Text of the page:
Uhm… that has literally zero to do with what I asked.
The US government gave orders to the US Air Force, which then flowed down the chain of command, to use a drone to fire a missile at Anwar al-Awlaki, an American citizen.
There was no judgement in a trial by his peers. He received no due process for the crimes he was accused of. He could have been tried in absentia with an appointed defense; there is a precedent to perform such actions. Yet that was not even entertained.
Instead it was done solely as a military operation by the executive branch. When the judicial branch should have been involved in such a case.
Was Al-Awlaki an anti-American piece of trash? Yes he was. But he was an American citizen and was not a member of the US military, where a person of his actions would tried by a form of military tribunal. He should have been tried for treason by civilian courts and if found guilty, then actions could have been taken to bring him into custody to serve a prison sentence or if necessary be given the death sentence and have it carried out in the method of which he was killed.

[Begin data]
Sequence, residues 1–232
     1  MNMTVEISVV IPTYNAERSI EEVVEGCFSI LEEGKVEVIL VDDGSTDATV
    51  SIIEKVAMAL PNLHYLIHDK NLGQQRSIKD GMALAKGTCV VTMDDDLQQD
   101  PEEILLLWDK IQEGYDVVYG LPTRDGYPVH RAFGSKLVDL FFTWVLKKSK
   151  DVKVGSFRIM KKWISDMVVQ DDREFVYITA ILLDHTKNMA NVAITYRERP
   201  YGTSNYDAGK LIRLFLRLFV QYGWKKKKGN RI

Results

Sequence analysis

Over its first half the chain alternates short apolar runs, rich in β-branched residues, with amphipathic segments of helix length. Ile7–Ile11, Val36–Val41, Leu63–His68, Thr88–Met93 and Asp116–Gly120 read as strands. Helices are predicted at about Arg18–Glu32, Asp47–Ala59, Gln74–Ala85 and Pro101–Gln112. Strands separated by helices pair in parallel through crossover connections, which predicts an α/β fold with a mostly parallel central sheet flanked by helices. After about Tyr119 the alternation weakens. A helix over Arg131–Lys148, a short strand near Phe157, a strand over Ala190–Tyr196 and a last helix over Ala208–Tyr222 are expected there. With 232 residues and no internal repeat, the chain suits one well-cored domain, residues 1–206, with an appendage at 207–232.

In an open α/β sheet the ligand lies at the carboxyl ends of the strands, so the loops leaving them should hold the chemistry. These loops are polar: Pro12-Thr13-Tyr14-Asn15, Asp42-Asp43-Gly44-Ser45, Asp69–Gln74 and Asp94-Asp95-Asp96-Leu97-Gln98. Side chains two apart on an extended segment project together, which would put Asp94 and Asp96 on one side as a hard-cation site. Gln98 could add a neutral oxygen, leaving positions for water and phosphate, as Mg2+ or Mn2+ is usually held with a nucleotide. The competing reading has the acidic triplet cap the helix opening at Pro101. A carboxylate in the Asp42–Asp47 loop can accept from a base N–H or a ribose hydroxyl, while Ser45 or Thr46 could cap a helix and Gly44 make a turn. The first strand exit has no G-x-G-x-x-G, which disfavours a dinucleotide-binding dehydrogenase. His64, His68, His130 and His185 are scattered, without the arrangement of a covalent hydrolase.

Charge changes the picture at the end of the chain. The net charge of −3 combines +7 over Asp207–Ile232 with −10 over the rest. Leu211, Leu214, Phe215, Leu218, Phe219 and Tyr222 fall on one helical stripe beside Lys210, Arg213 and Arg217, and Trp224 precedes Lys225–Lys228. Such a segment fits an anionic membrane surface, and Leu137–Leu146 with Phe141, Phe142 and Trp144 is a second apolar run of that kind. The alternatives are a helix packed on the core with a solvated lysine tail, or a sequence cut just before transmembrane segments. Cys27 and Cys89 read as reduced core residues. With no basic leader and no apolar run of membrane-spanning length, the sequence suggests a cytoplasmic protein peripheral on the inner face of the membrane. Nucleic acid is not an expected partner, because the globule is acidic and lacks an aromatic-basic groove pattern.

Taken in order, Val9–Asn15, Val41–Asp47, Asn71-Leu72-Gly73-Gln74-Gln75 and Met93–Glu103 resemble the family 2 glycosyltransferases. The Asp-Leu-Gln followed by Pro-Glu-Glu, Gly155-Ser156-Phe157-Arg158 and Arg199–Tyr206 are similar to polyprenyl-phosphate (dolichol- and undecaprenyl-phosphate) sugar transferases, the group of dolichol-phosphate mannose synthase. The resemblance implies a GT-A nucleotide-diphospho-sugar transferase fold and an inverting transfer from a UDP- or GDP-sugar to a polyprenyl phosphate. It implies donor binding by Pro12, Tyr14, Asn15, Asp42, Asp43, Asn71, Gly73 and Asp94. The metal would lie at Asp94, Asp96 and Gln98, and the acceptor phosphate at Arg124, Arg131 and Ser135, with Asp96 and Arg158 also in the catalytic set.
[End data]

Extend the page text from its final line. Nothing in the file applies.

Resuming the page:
But it’s the lack of due process, the violations of his rights as an American citizen, that angered me. Not because of him personally; he was trash and the world is better without his presence. But because of the dangerous precedent that was set by those actions.
And he wasn’t the only one that was done to. And the executive branch grossly exceeded its authority, in my humble opinion.
It was the US government who made these decisions. Not a foreign power. So your examples have absolutely nothing to do with what I was talking about.